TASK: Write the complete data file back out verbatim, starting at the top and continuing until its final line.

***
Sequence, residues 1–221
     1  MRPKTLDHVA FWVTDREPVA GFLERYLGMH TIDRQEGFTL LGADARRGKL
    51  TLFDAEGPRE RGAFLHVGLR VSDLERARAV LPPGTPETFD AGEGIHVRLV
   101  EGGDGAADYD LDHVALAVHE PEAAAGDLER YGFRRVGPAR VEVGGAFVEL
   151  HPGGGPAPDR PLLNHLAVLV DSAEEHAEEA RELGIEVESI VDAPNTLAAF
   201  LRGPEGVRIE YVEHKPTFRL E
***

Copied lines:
Sequence, residues 1–221
     1  MRPKTLDHVA FWVTDREPVA GFLERYLGMH TIDRQEGFTL LGADARRGKL
    51  TLFDAEGPRE RGAFLHVGLR VSDLERARAV LPPGTPETFD AGEGIHVRLV
   101  EGGDGAADYD LDHVALAVHE PEAAAGDLER YGFRRVGPAR VEVGGAFVEL
   151  HPGGGPAPDR PLLNHLAVLV DSAEEHAEEA RELGIEVESI VDAPNTLAAF
   201  LRGPEGVRIE YVEHKPTFRL E